Nicolienne Francois liked animals so much that she became one. Sort of. “Jobs were scarce after I graduated from an animal training program in the San Fernando Valley, so when Knott’s Berry Farm offered me a chance to play ‘Snoopy the Dog,’ I jumped at the chance,” said Francois, 23. “It was what you would call a starter job.”
That was in 1986. It led to other jobs involving animals, including one at the Santa Ana Zoo. In the last year, she has been in Africa, Taiwan, Lake Tahoe and Atlantic City, tending her four big cats--two black panthers and two Bengal tigers.
“If I hadn’t taken the Snoopy job,” Francois said, “I might never have had the chance to become an animal trainer, and I don’t know what I would have been doing today.”
Last week, Francois returned to Knott’s Berry Farm in Buena Park, but this time as an animal trainer to perform in “Spellbound,” a magic show that features illusionist Mark Kalin and his high-tech act featuring her leopards and tigers. Kalin made the cats appear and disappear in the hourlong show.
TV appearances make her more nervous than caring for the cats, although the tigers each weigh upward of 350 pounds. “You always have to be a little afraid, because they are so big,” Francois said, but she has never suffered an injury from the animals.
Training tigers has been her dream since age 10. “I remember seeing a woman handling a tiger on television, and I said that was for me,” said Francois, who was raised in Manhattan Beach and stayed with her mother there during her weeklong stop at Knott’s. She and the show are leaving for another yearlong tour that will include Australia and Europe.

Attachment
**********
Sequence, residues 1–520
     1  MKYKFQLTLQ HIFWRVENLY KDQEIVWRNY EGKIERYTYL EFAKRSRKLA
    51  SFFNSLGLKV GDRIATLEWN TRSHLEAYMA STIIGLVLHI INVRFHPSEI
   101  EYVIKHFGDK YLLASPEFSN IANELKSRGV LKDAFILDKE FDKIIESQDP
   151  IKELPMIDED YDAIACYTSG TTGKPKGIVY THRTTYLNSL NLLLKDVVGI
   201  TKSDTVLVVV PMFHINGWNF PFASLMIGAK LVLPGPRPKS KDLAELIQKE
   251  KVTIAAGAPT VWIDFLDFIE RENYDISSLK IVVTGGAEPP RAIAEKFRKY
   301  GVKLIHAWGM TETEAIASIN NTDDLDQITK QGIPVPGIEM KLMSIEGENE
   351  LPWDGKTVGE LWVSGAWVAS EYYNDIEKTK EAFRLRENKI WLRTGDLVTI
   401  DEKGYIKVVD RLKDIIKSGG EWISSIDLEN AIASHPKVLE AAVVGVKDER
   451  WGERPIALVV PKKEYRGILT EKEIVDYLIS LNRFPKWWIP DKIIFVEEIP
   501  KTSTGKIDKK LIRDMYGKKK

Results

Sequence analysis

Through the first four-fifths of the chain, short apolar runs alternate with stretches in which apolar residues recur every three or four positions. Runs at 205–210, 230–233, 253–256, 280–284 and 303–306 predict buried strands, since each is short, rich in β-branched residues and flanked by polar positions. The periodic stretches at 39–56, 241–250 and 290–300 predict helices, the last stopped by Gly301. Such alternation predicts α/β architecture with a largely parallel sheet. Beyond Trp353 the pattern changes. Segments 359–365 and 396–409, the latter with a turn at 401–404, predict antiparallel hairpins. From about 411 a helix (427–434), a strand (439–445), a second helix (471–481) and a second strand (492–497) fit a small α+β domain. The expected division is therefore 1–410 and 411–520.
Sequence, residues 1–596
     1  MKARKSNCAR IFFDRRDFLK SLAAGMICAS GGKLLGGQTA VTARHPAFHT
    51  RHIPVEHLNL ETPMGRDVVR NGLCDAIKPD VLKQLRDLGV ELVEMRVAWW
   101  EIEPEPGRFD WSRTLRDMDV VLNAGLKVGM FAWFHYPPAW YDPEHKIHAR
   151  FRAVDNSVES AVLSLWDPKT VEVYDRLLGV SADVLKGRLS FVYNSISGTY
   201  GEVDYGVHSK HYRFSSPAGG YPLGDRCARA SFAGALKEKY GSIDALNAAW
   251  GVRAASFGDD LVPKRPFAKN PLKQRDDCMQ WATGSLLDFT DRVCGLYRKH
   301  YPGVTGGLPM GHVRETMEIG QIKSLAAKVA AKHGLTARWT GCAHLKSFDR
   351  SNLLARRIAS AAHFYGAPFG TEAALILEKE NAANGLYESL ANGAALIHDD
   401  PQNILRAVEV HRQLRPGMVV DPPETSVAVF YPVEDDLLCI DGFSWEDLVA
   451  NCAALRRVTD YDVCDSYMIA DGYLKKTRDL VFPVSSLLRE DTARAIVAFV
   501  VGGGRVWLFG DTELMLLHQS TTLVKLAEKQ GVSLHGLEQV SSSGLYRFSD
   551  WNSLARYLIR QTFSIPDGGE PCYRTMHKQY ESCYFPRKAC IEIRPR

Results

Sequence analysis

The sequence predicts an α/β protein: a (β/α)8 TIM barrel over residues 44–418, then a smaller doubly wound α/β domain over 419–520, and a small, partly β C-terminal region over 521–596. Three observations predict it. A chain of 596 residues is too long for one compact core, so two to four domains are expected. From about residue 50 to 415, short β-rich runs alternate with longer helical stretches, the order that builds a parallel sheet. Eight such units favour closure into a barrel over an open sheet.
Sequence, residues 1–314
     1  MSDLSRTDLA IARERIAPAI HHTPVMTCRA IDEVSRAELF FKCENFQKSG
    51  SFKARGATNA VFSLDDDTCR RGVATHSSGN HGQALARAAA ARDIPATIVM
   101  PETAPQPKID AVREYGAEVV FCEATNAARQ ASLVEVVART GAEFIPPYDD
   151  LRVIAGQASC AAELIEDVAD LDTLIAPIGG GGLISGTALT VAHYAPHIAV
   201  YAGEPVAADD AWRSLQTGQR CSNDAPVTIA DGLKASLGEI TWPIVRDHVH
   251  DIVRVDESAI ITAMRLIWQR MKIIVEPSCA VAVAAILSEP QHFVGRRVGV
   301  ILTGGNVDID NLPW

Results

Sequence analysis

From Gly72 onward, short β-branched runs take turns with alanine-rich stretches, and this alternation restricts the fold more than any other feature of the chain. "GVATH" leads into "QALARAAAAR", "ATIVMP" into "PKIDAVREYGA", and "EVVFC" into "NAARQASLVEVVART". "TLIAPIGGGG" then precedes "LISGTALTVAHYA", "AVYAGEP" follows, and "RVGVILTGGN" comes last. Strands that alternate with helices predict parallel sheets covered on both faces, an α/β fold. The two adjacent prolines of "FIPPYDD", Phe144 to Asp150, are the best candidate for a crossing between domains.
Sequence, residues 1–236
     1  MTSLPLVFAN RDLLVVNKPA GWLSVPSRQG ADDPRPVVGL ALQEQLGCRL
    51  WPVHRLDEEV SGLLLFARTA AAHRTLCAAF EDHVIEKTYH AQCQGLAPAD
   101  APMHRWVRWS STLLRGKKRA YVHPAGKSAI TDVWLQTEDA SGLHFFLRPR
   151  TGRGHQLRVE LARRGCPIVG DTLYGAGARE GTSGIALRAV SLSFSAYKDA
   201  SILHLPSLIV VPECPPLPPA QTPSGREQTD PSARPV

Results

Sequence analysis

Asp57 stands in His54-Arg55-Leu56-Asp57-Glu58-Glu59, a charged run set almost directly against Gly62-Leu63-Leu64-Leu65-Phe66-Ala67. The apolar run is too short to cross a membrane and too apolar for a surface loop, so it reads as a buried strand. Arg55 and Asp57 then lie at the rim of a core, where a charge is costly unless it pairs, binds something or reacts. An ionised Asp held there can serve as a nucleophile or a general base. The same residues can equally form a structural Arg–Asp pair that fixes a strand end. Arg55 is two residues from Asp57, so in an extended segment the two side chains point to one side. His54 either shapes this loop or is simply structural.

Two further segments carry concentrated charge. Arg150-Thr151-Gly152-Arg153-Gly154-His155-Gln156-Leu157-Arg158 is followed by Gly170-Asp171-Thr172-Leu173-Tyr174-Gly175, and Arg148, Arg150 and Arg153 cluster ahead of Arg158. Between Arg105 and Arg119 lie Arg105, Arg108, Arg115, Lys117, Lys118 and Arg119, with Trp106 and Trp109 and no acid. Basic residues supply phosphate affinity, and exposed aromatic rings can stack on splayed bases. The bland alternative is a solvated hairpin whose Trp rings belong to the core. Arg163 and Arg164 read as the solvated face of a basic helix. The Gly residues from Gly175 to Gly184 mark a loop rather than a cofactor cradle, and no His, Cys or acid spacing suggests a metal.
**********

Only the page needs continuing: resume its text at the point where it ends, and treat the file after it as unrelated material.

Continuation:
“It’s a lot of fun traveling around the world, although it can be hard at times,” she said. “What I’m really aiming for is a career in movies and commercials that include animals.”
Francois said she knows that it will not be easy breaking into movies and making ads with animals: “There are a lot of people out there with animals trying to do the same thing, and I know I can’t restrict myself to just cats. When someone calls, you have to have what they want or they go to someone else.”
Francois said she told a fib when she applied for the first job as Snoopy: “They said I had to be 5 feet, 3 inches tall to fit into the costumes. I told them I was, but I’m not. I’m 5-feet-2 . . . almost.”
In 1945, George C. Titman was a Marine corporal stationed in El Toro and living in Santa Ana. But he decided he wanted to become a citizen of the world.
After his discharge, he moved to Auckland, New Zealand, where he renounced his U.S. citizenship. Then he tore up his U.S. passport, not vindictively, he said, but to cancel it.
Then he tried to develop a declaration of interdependence for a world federal government with enough power to ensure world peace. “It was along the lines of the United Nations concept and would prevent wars,” said Titman, who still lives in Auckland.
The 64-year-old former Marine, who has been married three times and has five grandchildren, returned to Orange County last week to visit his daughter, Denice McDermott, from his first marriage in Santa Ana. He had not seen her for 41 years. He competed in the recent Los Angeles Marathon.
“For years I walked and talked to everyone to get my point across, but I really don’t feel my thinking was widely accepted,” he said. “We really haven’t reached a point in the world where disputes between nations are (settled) through talking.”